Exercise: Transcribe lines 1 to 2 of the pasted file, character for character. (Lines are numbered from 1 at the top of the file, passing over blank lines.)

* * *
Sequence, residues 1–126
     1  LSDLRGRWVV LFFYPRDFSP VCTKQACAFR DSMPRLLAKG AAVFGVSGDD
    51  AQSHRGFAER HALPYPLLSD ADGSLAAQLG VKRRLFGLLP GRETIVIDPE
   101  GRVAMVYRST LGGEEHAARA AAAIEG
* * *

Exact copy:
Sequence, residues 1–126
     1  LSDLRGRWVV LFFYPRDFSP VCTKQACAFR DSMPRLLAKG AAVFGVSGDD